No Palestinian “Saison”
“You aren’t serious enough,” the Algerians told the PLO
leaders. ”You must kill your opponents!”
That was years ago. The PLO leaders had asked their
victorious brothers, the Algerian Liberation Front (FLN) veterans, for
advice. They tendered their counsel generously: “You can’t wage a war of
liberation when there are internal differences. There can only be
one party. There is no place for internal opposition. Opponents must be
As an example, they pointed out one of their facilities on
the Algerian-Tunisian border. It was a house of three rooms, to which
opponents of the leadership were brought. In the first room they stood
trial, in the second judgment was pronounced, in the third they were
executed. The whole process lasted but a few hours. The only way they
left the house was on a stretcher.
This story was told to me this week by a senior Palestinian
official. “We, the Palestinians, listened and said to ourselves: This
will never happen in our movement!”
And indeed, in order to understand what is happening now in
the Palestinian territories, one has to understand that this is a
unanimous national resolve: Avoid a civil war at any cost.
This resolve stems from a Palestinian trauma. In 1936 the
“Arab Rebellion” (in Zionists parlance: “The Events”) broke out. Jewish
immigration had been rising sharply after Hitler’s advent to power in
Germany, the Arabs felt that the land was being taken from under their
feet. In a desperate attempt to save their national existence, they
declared a General Strike, which turned into an armed rebellion. It was
led by Haj Amin al-Husseini, Grand Mufti of Jerusalem.
The mufti seized the opportunity in order to eliminate all
his domestic opponents. In the bloodbath, almost all the Palestinian
leaders who did not accept his leadership unconditionally were
assassinated. When the moment of truth came at the end of 1947 (after
the UN partition resolution), the Palestinian people had no national
leadership to speak of.
Now Ariel Sharon wants to compel Arafat to start a civil
war. That is the meaning of his demand that Arafat liquidate the Hamas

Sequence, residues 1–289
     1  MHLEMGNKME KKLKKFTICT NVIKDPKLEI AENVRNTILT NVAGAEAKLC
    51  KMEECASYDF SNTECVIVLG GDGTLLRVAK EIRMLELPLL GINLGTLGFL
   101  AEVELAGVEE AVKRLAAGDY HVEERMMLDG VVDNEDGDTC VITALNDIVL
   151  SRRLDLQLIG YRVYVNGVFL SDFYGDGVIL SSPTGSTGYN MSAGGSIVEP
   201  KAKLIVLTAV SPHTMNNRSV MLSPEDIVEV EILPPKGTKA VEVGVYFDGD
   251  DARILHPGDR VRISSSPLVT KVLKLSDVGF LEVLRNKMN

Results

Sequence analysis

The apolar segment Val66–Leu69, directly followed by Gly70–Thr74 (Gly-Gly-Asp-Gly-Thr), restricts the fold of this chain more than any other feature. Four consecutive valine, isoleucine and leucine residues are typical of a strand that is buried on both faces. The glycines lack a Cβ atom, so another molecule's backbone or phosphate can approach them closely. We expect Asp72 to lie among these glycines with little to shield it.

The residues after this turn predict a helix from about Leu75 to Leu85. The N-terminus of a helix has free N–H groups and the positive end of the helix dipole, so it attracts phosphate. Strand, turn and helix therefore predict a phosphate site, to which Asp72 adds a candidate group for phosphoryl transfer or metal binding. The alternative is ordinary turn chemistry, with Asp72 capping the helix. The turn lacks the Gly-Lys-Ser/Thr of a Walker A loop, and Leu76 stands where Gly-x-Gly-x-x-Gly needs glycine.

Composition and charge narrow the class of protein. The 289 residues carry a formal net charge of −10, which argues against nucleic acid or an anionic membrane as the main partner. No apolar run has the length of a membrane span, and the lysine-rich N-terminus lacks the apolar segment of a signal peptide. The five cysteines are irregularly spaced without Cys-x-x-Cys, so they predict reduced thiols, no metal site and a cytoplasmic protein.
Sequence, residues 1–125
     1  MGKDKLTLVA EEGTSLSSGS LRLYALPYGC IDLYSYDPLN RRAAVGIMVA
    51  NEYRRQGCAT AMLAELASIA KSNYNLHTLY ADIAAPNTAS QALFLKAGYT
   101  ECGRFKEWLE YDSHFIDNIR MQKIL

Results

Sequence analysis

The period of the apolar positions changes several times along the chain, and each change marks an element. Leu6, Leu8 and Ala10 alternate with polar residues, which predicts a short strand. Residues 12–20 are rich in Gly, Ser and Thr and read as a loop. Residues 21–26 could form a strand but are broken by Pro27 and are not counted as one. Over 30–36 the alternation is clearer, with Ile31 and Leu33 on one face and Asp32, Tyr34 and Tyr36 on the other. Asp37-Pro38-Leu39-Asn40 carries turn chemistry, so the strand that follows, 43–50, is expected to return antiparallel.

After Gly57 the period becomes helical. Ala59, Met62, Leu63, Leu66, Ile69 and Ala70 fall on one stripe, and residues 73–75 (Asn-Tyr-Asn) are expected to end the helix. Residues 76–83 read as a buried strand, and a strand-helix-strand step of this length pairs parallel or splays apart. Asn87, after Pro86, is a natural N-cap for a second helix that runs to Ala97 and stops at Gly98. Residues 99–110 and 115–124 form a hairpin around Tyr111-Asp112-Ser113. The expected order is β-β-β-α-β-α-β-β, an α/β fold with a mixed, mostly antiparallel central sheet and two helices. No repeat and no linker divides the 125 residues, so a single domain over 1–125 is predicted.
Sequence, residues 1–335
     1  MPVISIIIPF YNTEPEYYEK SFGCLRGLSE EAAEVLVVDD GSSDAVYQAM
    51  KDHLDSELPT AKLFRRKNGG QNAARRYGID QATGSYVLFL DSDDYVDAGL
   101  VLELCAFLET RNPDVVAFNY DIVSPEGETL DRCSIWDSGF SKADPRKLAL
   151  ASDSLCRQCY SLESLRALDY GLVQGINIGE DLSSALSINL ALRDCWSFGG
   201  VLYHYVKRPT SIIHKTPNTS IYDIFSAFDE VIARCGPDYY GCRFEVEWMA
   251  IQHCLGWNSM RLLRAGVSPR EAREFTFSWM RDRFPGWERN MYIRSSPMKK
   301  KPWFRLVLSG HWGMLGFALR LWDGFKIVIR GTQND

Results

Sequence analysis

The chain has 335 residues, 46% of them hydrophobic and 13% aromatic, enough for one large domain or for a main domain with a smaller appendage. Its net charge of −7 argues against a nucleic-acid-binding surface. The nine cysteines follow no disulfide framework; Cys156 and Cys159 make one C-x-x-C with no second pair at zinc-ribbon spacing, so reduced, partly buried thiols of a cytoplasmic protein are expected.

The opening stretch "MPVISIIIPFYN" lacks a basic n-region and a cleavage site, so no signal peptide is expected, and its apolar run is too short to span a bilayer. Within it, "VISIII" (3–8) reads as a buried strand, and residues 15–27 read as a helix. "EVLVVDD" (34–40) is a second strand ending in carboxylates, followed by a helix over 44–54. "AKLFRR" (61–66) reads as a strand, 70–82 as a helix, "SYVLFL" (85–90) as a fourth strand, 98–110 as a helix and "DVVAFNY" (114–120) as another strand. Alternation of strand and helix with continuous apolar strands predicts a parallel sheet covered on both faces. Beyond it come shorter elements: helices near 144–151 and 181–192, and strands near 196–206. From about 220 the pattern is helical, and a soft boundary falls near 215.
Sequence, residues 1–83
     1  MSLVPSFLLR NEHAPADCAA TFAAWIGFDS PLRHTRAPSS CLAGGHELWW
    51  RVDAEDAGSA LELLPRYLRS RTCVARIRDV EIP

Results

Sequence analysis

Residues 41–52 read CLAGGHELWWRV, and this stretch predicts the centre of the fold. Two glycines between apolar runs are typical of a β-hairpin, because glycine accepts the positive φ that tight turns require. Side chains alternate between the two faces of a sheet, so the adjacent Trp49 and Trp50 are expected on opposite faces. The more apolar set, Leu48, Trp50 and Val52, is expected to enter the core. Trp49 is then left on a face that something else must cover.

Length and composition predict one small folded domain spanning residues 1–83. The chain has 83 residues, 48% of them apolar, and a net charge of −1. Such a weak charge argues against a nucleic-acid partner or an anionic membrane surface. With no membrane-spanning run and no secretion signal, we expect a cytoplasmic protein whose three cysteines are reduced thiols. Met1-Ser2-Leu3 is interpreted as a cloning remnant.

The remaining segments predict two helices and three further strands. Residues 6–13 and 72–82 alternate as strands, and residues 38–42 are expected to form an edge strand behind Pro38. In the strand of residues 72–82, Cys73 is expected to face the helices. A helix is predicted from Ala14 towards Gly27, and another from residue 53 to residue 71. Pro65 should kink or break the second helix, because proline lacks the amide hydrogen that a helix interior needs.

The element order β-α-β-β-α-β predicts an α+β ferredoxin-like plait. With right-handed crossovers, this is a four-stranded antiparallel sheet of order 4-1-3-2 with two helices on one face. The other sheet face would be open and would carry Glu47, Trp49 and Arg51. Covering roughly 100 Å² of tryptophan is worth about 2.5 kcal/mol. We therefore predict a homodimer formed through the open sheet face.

and Jihad leadership and destroy their institutions. He expects the
Hamas and Jihad will then take revenge and murder the Palestinian
Authority chiefs. The mutual killing will put an end to the Palestinian
struggle, perhaps forever.
Neither Arafat nor his opponents intend to fulfill this
hope of Sharon’s. In his address to the nation, Arafat declared that
continued attacks on Israelis are harmful to the national interests of
the Palestinian people. Most Palestinians understand that Arafat is
right. The Hamas and Jihad disagree, but do not want to be dragged into
a civil war. Therefore there is a ”dramatic decrease in the number of
attacks”, according to Israeli security officialsat in the last weeks of
All this reminds one of a similar phase in our own history.
After the assassination of Lord Moyne by the Lehi ( Hebrew initials of
“Fighters for the Freedom of Israel”, called by the British “Stern
Gang”) Ben-Gurion decided to turn the “dissidents” over to the British
police, who tortured them and then sent them to a prison camp in Africa.
Some of the Irgun fighters (Irgun – short for National Military
Organization, another underground) were kidnapped by Ben-Gurion’s Palmah
(“shock troops”) and turned over to the British, others were arrested by
the British themselves with the help of a list of 700 suspects,
submitted to them by Ben-Gurion. This episode was called “the saison”
(pronounced the French way), meaning the hunting season.
If at that time a bloody civil war did not erupt, it was
thanks to Menahem Begin, the Irgun commander, who was determined to
prevent a fratricidal war at any cost. Irgun fighters were ordered not
to fire on the Palmah members who came to kidnap them. (The leader of
the Lehi, Nathan Yellin-Mor, decided otherwise. As he told me years
later: “I went to a meeting with the Haganah chiefs. I put a loaded
pistol on the table in front of me. I said: ‘Every Lehi fighter will use
his gun to defend himself.’ As a result, not one man of ours was
Ben-Gurion played a complex game. At one time he ordered
the “saison”, at another he set up the “Hebrew Rebellion Movement”,
which coordinated the actions of his own Haganah, the Irgun and Lehi. He
used diplomacy and violence alternatively, in varying doses. Actually he
used the actions of the Irgun and Lehi for his own purposes.
Arafat is now doing exactly the same. When there is hope of
achieving a Palestinian state by peaceful means and a confrontation with
the Americans has to be averted, he prevents the actions of the
“dissidents”. When this hope fades, he gives them the green light.
All this is done by mutual understanding. Contrary to his
image created in Israel, Arafat is no brutal dictator. On the contrary,
some of his aides accuse him of being too forgiving, not taking revenge
on those who betrayed him and not punishing those who damage the
Palestinian cause. He adheres to an ancient Arab tradition: the “Ijmaa”,
decision by general agreement. (The elders of the tribe sit and discuss
a controversial issue until every single one of those present is
convinced and supports the proposed decision, making it unanimous.)
That is his way of stopping the violence. The Palestinian
people will not commit suicide by civil war. They will be persuaded to
stop the violent struggle only if they see that their national existence
can be assured by peaceful means. And in the meantime, they will collect
weapons, for any eventuality.
To discus this article:
M'ariw 05.01.02 / haGalil onLine 05-02-2001